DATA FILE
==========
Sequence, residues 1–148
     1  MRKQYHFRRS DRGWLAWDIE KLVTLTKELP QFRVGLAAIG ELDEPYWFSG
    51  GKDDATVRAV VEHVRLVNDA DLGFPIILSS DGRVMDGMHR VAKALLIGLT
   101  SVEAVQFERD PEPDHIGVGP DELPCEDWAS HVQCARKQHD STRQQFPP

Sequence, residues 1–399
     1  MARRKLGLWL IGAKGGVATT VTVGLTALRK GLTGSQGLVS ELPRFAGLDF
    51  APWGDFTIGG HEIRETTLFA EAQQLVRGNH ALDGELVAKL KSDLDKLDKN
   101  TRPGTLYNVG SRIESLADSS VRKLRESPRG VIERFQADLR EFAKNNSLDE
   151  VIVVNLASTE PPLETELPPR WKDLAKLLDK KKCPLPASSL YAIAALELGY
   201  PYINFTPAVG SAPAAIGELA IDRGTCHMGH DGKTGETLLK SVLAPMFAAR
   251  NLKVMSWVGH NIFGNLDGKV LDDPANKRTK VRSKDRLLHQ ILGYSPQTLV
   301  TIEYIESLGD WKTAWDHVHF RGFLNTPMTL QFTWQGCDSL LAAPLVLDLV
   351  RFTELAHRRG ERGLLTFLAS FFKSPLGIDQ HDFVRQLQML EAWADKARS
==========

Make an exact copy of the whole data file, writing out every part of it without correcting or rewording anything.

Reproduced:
Sequence, residues 1–148
     1  MRKQYHFRRS DRGWLAWDIE KLVTLTKELP QFRVGLAAIG ELDEPYWFSG
    51  GKDDATVRAV VEHVRLVNDA DLGFPIILSS DGRVMDGMHR VAKALLIGLT
   101  SVEAVQFERD PEPDHIGVGP DELPCEDWAS HVQCARKQHD STRQQFPP

Sequence, residues 1–399
     1  MARRKLGLWL IGAKGGVATT VTVGLTALRK GLTGSQGLVS ELPRFAGLDF
    51  APWGDFTIGG HEIRETTLFA EAQQLVRGNH ALDGELVAKL KSDLDKLDKN
   101  TRPGTLYNVG SRIESLADSS VRKLRESPRG VIERFQADLR EFAKNNSLDE
   151  VIVVNLASTE PPLETELPPR WKDLAKLLDK KKCPLPASSL YAIAALELGY
   201  PYINFTPAVG SAPAAIGELA IDRGTCHMGH DGKTGETLLK SVLAPMFAAR
   251  NLKVMSWVGH NIFGNLDGKV LDDPANKRTK VRSKDRLLHQ ILGYSPQTLV
   301  TIEYIESLGD WKTAWDHVHF RGFLNTPMTL QFTWQGCDSL LAAPLVLDLV
   351  RFTELAHRRG ERGLLTFLAS FFKSPLGIDQ HDFVRQLQML EAWADKARS